Root Bridge

Communicates with:

• Non-Root Repeater Bridges

• Repeater Access Points

• Wireless Clients

Non-Root Bridge

NOTE: Unlike the BR350, the BR1410 only supports the Root and Non-Root Bridge roles in the rad'

i radio network.

© 2003, Cisco Systems, Inc. All rights re

This setting is used for any bridges in the WLAN that will be connecting to a Root bridge. In this mode, a bridge will perform bridging functions (connect to a Root bridge) and will also support the following clients by default:

■ Wireless Clients (PC Card, PCI Card)

■ Workgroup Bridge

■ Access points configured as a Repeater

■ Other Non-Root Bridges

In this mode the bridge may connect to a remote wired LAN or may be used as a repeater bridge. When used as a repeater bridge, the bridge would not be connected to a remote wired LAN and would simply pass traffic from associated wireless clients to another Non-Root bridge or a Root bridge.

In order for wireless clients to attach to a Non-Root bridge, the bridge must be associated with a Root bridge, or another Non-Root bridge that is associated to a Root bridge.

35G Series Bridge Configured as a Repeater Access Point

Connects to

muni- ijisco.com

• Root bridges

• Non-Root bridges

• Root access points

• Other repeater access points

X

Repeaters are not covered by 802.11 standards

NOTE: Unlike the BR350, the BR1410 only supports the Root and Non-Root Bridge roles in the radio network.

© 2003, Cisco Systems, Inc. All rights reserved.

AWLF v3.1—4-22

When in this mode the bridge will operate with the same functionality as a Cisco Aironet Access Point in repeater mode. The bridge will repeat wireless client traffic to any of the following:

■ Access point connected to LAN

■ Another Repeater Access Point

■ Root Bridge connected to LAN

■ Non-Root Bridge connected to LAN

■ Bridge in access point mode connected to LAN

The bridge will only pass management traffic (no WLAN client traffic) via the Ethernet port.

Due to the fact that repeaters are not covered by 802.11 standards non-Cisco clients may or may not work with Cisco repeaters.

350 Series Bridge Configured as a Site Survey Client

Used to survey access point configured as RepeapernAtccess repeater

Will not accept associations from Wireless Clients

© 2003, Cisco Systems, Inc. All rights reserved. AWLF v3.1—4-23

The bridge can be configured as a Site Survey Client for surveying a repeater access point. While in this mode the bridge can connect to another bridge or access point, but will not accept associations from wireless clients. The Site Survey Client can then be used to perform linktests with other bridges or access points.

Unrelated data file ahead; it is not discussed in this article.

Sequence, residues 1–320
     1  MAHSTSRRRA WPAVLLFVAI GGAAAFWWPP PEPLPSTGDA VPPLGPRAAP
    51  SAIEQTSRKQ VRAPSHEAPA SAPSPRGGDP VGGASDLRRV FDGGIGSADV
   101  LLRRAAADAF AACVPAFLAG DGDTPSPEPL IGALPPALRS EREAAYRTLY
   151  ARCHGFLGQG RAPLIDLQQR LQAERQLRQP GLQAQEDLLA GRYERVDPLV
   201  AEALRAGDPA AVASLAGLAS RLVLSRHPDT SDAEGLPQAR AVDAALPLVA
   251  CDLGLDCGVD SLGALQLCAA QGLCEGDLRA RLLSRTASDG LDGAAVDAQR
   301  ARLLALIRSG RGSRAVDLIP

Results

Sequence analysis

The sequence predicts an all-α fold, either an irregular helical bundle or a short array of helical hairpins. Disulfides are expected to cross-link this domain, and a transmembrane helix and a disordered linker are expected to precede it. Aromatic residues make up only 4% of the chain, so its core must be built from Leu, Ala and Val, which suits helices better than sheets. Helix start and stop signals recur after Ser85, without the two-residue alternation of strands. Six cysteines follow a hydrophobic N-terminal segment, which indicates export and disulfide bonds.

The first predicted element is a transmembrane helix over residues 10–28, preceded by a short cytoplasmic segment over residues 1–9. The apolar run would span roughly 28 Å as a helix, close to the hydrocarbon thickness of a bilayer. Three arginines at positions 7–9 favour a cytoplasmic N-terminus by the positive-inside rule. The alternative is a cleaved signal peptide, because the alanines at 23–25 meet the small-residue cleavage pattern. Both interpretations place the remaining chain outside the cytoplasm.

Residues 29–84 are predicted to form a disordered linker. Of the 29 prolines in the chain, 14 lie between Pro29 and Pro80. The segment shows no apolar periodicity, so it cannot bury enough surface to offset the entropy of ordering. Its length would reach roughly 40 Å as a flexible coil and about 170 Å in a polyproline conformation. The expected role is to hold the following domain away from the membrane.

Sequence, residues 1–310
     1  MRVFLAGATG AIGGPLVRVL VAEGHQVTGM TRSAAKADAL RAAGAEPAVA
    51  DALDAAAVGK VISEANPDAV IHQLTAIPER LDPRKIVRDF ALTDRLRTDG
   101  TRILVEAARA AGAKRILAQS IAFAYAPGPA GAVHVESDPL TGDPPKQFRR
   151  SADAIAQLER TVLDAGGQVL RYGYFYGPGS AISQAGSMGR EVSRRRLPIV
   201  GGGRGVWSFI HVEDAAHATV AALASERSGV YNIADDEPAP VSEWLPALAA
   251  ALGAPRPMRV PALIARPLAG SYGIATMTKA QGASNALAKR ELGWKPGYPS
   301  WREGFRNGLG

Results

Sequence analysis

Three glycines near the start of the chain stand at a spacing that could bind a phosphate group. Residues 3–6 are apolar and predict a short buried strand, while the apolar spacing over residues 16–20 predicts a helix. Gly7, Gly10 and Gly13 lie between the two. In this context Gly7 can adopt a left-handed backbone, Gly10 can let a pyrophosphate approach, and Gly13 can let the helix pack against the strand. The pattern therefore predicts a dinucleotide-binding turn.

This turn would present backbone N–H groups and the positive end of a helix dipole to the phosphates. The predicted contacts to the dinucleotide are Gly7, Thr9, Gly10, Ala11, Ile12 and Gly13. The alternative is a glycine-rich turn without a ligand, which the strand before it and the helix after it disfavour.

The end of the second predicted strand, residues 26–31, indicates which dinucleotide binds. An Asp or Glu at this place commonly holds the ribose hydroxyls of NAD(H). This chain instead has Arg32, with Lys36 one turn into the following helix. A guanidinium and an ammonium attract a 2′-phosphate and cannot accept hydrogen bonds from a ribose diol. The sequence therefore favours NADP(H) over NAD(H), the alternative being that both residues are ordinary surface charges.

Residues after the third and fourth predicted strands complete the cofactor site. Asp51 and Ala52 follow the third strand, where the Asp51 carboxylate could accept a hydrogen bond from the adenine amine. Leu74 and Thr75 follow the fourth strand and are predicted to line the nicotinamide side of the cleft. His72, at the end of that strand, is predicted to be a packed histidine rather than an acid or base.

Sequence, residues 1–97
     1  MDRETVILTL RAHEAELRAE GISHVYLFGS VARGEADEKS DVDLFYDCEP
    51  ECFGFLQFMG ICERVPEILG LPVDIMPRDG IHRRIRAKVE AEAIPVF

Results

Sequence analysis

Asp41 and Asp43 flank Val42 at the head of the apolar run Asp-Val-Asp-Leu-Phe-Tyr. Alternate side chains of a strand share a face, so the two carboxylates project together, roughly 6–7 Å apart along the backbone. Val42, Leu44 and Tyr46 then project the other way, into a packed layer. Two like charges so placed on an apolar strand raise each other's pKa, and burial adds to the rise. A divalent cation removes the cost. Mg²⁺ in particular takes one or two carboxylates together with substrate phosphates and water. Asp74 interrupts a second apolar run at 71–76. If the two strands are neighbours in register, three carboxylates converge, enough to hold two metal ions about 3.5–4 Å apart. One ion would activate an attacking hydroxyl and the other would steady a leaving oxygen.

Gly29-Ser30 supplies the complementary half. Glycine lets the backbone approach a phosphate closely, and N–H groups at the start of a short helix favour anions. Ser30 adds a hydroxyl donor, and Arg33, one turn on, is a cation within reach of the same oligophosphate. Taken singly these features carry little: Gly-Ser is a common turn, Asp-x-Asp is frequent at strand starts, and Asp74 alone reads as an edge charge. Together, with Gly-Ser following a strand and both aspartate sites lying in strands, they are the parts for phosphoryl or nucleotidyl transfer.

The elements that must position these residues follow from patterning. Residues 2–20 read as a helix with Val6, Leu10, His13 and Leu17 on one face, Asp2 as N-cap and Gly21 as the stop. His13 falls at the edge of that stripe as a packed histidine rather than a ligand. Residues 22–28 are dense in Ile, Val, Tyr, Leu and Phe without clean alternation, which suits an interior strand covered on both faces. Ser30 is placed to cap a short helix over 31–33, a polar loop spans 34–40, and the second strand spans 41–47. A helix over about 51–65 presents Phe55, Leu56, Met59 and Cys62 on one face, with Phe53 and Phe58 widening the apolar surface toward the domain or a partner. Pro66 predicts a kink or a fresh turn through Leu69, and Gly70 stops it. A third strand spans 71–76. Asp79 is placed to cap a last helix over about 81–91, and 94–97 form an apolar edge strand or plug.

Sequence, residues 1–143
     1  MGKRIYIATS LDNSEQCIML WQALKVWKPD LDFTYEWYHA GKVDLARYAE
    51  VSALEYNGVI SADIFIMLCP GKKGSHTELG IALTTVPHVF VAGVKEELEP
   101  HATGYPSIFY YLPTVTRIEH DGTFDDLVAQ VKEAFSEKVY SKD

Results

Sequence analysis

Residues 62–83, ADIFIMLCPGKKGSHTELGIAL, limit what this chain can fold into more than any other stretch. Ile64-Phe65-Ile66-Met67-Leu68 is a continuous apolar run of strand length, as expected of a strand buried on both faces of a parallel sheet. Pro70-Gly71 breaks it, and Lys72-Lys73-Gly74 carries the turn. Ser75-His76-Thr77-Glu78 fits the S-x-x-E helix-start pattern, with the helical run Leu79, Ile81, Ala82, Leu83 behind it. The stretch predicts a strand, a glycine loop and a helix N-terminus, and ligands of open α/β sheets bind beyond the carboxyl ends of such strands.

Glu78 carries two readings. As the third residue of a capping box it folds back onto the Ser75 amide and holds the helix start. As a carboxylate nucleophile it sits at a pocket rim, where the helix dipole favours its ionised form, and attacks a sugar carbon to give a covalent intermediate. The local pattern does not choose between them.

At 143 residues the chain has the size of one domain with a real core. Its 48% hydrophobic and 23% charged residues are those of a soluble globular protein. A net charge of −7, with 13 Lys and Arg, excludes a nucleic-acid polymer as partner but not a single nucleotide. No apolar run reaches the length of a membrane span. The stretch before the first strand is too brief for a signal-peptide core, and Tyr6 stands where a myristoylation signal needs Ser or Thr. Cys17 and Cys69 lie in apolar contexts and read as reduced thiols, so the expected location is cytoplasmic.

Installation Considerations

Typical questions for bridges include how far will it go, how fast will it go, and how many users can it support.

How fast: One item that is very deceiving is data rate - what does it really mean? As with the LAN systems, data rate indicates how fast the RF passes data. This RF data includes the radio system overhead, plus the network data. The real item that should be discussed is throughput. This is the actual amount of network data that gets passed from one LAN to another. Remember higher data rates do not mean higher throughput. Some 1.6 Mbps systems achieve as little as 500 Kbps throughput.

With a 2.4 GHz bridge, the data rate can be set to various speeds (1, 2, 5.5, 11 Mbps). Reducing the speed increases the maximum distances that can be obtained. The same concept applies to 5 GHz bridges.

Adding filtering in the configuration can increase actual performance by eliminating unnecessary traffic over the RF. This has the same effect as increasing throughput. How many users the bridge can support is a question of what type of traffic is being handled. Throughput is the real limiting factor.

1400 Series Bridge Range vs. Data Rate

Data rate

6 Mbps

9 Mbps

12 Mbps

18 Mbps

24 Mbps

36 Mbps

48 Mbps

54 Mbps

P2P LOS range (miles) 22.5 dBi captive antennas

15.5

15.3

14.1

13.2

11.8

10.0

8.3

7.8

P2P LOS range (miles) 28 dBi remote antennas

23.4

23.1

21.4

20.0

17.8

15.1

12.6

11.8

P2MP LOS range (miles) 9 dBi external hub ant. 22.5 dBi captive client ant.

8.3

8.2

7.6

7.1

5.7

3.8

2.4

2.0

P2MP LOS range (miles) 9.5 dBi remote hub ant. 22.5 dBi captive client ant

8.5

8.4

7.8

7.2

6.1

4.1

2.6

2.2

P2MP LOS range (miles) 9 dBi remote hub ant. 28 dBi remote client ant.